And along the way, year after year, The Simpsons has served up occasional flashes of comic genius, according to TV critic David Bianculli. There was the Season 4 episode that presents a Springfield community-theater musical production of A Streetcar Named Desire — and the Season 2 episode that has Marge Simpson, voiced by Julie Kavner, so upset about the violence in the Itchy & Scratchy cat-and-mouse TV cartoons her kids watch that she goes on TV herself, on a Nightline-type talk show, in protest.

So why would people be interested in the marathon?

"There's something about the sense of watching at the same time as other people that makes it special," says Bianculli. "That certainly goes for a marathon — and that's why I predict this 25-season Simpsons marathon will indeed steer people towards FXX. It's a great show, a great idea and a TV viewing event of unprecedented scale."

Since The Simpsons began, Fresh Air's Terry Gross has interviewed many people who have had a hand in creating the show — from Matt Groening in 1989 and 2003 to two of the writers, Al Jean and Mike Reiss, in 1992. Gross also talked with actors who do the voices, including Nancy Cartwright, who plays Bart, in 2007; Julie Kavner, the voice of Marge in 1994; Hank Azaria, the voice of Moe, Apu, Chief Wiggum and others in 2004.

We listen back to these interviews in Fresh Air's appreciation of The Simpsons.


Interview Highlights

Creator and cartoonist Matt Groening, interviewed in 2003

On how the vision has changed over the years and on taking risks

The problem with doing a sitcom, which has lasted more than 300 episodes, is you're trying not to repeat yourself, you're trying to surprise the audience, and you're trying to keep everybody who works on the show surprised. As a result, the show has gone off in some very peculiar directions. Sometimes, I was alarmed, "We can't do this!" And then it turns out to be OK.

One of the great things we did last year is we parodied the Fox News Channel and we did the crawl along the bottom of the screen. And Fox fought against it and said that they would sue the show, and we called their bluff because we didn't think Rupert Murdoch would pay for Fox to sue itself. So we got away with it, but now Fox has a new rule that we can't do those little fake news crawls at the bottom of the screen, in a cartoon, because it "might confuse the viewers into thinking that it's real news."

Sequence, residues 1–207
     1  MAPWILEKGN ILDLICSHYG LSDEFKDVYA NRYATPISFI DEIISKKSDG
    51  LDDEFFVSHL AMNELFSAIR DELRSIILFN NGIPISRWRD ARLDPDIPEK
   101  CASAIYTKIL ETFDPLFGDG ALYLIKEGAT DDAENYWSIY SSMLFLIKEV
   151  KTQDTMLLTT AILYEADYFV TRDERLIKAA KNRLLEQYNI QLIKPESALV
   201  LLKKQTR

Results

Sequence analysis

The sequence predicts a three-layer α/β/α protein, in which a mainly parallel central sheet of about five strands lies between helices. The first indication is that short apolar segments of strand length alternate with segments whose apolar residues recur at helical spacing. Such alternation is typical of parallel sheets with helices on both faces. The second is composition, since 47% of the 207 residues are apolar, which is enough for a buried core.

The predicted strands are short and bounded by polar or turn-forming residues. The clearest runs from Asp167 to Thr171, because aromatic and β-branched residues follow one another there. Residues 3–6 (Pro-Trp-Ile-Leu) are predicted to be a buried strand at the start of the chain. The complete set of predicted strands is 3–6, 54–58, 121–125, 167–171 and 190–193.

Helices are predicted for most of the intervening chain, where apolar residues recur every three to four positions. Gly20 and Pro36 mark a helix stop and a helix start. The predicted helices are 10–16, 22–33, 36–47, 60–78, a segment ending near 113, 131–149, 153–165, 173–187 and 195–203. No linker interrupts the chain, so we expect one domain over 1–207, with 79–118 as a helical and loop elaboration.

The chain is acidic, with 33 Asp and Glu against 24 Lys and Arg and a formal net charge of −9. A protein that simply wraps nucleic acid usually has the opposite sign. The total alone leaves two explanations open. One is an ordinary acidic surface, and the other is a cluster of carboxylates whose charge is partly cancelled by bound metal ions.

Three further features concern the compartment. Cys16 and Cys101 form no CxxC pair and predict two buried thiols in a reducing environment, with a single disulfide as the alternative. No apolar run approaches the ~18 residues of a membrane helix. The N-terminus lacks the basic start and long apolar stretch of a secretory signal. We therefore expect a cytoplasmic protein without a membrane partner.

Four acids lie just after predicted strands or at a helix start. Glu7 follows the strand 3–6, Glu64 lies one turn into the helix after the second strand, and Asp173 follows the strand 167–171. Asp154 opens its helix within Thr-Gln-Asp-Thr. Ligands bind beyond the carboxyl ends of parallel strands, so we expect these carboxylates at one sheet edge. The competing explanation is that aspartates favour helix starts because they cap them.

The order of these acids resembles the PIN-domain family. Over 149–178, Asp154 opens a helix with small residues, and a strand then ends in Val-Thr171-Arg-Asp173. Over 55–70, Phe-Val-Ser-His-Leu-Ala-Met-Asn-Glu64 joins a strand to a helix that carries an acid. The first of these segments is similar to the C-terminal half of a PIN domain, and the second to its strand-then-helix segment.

On getting into trouble with the Fox network

At the beginning, virtually anything we did would get somebody upset, and now it seems like the people who are eager to be offended — and this country is full of people who are eager to be offended — they've given up on our show. We got into trouble a few years ago for — Homer is watching an anti-drinking commercial and it said, "Warning! Beer causes rectal cancer." And Homer responds by saying, "Mmm beer." Fox didn't want us to do that because beer advertisers are a big part of the Fox empire, and it turns out the writer was able to track down the actual fact where some studies show that indeed it does — or did or has a tendency to [cause cancer] — so we were able to keep it in.

On Homer's religious neighbor, Ned Flanders

Originally Ned Flanders was just the wacky neighbor who was supposed to be just a complete annoyance to Homer for no good reason. And then we realized that he was an object of mirth with his strong religious feelings. We thought, "How do we create a religious character who is not the usual stereotype?" And we made him a truly good guy, and his beliefs are sometimes a little annoying but he's not a hypocrite, he's real. We get lots of fan mail for him, and we get lots of photos of people who look exactly like Ned Flanders.


Show-runners Al Jean and Mike Reiss, interviewed in 1992

On the production process

Al Jean: The first thing we do is write the script and then record the audio track with the cast.

Mike Reiss: We record it like a radio show. It takes about eight hours and we cut it down to about 19 minutes of audio track, and then that's sent to the animators, who expand it to about 24 minutes.